Running

Location

I didn't grow up in a home,
I grew up in houses,
13 schools and a murder attempt and "Run as fast as you can, find the neighbor, and stay there till I call the police!"
My mom's ex-boyfriend,
hammering on the door with meaty fists
drunk-slurring out the words "I'll kill you, I'll kill you, I love you, I'll kill you."
 
Handcuffs seen through the bars of foggy window blinds,
lit by red, blue, red, blue, white.
The warmth of my breath wasn't enough to 
thaw the frozen terror, or to
slow the breathing of my little sister
as she fought the panic and
the smoky air and her 
asthmatic lungs
because sometimes our bodies understand us better than our minds
and they want to stop breathing.
 
Tension in the space between the downstairs and the up,
a poorly-chosen now-ex-wife to my father
simmering like a pot over high heat
hissing through her nostrils
like a vision of the devil
red and angry, and
the shower water was left on too long
while my sister went to find a towel and
now her footsteps are smoldering on the stairs and
her eyes are slitted and her nostrils flared and -- 
 
Prescience: noun. It means "the fact of knowing something before it takes place; 
foreknowledge; also called divine omniscience."
 
Save my work on my laptop, close the screen.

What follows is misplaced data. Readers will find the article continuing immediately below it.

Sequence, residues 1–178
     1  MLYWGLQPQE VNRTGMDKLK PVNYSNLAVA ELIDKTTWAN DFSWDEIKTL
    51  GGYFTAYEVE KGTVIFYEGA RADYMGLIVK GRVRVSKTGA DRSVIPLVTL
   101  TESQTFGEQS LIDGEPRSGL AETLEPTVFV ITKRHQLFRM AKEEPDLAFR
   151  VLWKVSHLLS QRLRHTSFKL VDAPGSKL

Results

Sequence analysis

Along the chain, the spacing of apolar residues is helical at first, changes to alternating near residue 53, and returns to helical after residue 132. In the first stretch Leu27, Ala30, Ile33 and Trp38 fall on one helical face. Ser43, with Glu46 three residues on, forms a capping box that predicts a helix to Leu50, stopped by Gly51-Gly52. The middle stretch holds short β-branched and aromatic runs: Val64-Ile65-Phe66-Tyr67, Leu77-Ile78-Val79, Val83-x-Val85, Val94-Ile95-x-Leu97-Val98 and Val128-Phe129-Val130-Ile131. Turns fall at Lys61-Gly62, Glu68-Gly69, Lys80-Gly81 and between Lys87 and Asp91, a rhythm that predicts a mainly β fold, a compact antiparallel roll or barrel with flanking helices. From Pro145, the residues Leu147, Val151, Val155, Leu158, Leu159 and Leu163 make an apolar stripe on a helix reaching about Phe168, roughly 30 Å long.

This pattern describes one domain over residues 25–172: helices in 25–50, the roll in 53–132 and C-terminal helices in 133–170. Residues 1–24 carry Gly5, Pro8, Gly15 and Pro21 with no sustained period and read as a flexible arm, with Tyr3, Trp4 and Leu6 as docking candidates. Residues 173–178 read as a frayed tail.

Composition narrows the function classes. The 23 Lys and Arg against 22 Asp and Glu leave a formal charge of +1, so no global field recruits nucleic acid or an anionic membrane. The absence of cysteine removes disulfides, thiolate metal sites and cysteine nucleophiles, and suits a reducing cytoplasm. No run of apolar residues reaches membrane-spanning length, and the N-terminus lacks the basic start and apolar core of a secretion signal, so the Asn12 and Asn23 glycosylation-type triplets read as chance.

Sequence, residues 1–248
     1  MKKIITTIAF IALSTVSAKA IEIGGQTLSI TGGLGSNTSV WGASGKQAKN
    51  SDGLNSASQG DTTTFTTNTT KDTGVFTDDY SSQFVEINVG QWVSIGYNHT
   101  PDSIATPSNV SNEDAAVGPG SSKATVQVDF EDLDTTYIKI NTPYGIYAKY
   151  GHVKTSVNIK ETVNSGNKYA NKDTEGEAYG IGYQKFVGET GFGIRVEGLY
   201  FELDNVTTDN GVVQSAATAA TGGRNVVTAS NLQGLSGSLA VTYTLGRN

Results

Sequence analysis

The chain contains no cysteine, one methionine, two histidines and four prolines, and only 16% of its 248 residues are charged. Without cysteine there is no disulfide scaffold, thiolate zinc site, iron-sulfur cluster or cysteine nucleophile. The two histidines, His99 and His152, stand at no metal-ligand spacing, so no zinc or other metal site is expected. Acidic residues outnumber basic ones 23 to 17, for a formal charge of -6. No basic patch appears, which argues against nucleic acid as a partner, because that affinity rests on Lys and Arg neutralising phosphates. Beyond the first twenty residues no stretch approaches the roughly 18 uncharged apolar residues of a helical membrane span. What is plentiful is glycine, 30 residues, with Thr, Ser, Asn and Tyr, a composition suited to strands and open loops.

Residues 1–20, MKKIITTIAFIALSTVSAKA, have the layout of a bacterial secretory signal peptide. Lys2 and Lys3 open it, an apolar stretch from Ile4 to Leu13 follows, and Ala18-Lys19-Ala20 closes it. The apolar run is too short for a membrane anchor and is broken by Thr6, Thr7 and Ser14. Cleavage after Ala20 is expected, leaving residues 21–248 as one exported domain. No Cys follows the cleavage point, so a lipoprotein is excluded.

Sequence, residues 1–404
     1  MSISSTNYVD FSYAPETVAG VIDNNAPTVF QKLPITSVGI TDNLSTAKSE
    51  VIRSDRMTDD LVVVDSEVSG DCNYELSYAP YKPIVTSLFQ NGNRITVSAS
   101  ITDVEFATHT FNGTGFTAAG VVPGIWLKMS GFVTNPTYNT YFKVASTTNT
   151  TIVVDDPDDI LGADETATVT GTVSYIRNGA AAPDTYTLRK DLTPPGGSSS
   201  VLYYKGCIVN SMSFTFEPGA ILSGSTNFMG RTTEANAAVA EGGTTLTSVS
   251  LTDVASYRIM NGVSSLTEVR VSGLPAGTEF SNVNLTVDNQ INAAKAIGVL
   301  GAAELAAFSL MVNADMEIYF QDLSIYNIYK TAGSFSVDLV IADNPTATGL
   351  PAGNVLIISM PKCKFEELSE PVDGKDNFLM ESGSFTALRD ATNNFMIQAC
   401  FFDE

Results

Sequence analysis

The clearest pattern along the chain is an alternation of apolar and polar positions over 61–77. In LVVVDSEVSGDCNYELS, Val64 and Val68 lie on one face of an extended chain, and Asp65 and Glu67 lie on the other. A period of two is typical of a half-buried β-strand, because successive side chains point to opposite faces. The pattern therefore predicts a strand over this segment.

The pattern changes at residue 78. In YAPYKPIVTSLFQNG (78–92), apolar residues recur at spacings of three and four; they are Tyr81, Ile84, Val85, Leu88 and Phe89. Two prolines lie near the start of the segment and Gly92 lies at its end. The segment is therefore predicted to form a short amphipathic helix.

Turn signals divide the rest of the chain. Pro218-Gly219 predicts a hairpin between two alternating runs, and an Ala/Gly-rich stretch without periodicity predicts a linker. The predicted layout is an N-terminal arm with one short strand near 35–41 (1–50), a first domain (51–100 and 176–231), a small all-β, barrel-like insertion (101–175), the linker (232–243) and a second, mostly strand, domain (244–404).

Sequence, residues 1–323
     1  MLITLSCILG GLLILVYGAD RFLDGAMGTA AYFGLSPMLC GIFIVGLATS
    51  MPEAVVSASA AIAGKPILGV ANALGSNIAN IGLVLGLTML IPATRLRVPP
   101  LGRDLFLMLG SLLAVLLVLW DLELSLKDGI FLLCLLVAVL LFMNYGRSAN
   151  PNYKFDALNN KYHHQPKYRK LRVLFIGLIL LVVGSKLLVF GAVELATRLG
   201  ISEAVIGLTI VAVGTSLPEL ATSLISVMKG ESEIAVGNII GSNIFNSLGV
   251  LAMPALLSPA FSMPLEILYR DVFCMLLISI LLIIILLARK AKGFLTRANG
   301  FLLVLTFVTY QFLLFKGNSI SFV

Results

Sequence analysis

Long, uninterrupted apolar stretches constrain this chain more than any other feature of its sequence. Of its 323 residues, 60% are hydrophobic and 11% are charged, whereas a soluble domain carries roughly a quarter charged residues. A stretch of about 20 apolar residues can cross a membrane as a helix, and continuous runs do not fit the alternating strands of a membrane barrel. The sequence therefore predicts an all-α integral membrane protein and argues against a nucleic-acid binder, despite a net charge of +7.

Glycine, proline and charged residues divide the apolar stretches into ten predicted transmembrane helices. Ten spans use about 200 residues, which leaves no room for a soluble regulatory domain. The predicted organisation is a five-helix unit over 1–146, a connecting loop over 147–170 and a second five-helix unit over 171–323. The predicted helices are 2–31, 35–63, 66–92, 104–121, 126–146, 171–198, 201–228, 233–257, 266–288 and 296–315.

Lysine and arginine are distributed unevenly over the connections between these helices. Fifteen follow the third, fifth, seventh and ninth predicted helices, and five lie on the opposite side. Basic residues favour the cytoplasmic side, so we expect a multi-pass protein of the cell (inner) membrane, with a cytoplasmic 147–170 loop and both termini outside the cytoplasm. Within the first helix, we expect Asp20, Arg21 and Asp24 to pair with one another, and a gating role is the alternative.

Smooth my hands through my hair.
Is Dad home to witness what's about to --
 
The pot boils over. 
Fever pitch,
She's kicked down the door --
Dad's footsteps mangle the stairs --
"What the hell are you doing?"
(I mustn't listen to the words of the devil.)
The shower curtain is ripped from its rod,
my sister and a surprise shriek,
the first use of violence my dad has ever made to save her. 
He holds the devil back in his arms. 
The devil fights like an oiled cat. 
Red scratches near my father's eyes
like tears, like tears.
"We're leaving."
 
 
Christmas alone with my dad and my sister.
Joy tastes like fried chicken reheated on the stove, 
and catharsis.
 
 
Time buries memories and strong emotions
into a box we call Ourselves, 
into a person,
and the handcuffed boyfriend and the devil are
as much a part of my psyche as 
I am.
 
I can't lose them by speaking about them,
but by remembering them I can change who they were.
 
The hits keep coming as
I try to afford college and fail,
and the betrayal of my parents remind me how
the tender crack of bone was a eulogy for my childhood. 
 
But I've dislocated them, this time, from me,
and found a position in the Navy, and
the Navy will pay my Medical School if I'll give them an A.
I'll give them more than an A.
I'll give them a soldier. 
I'll give them a fighter.
I'll give them dedication and fearlesness and boldness
that I hadn't been taught at a young age
because I'd been taught about fear
and helplessness
and the importance of fast legs and strong lungs.
 
Who I am is the Time-smoothed product of a life spent fighting and
the smile that is as determined to spread hope
as the child was at running.
Guide that inspired this poem: 

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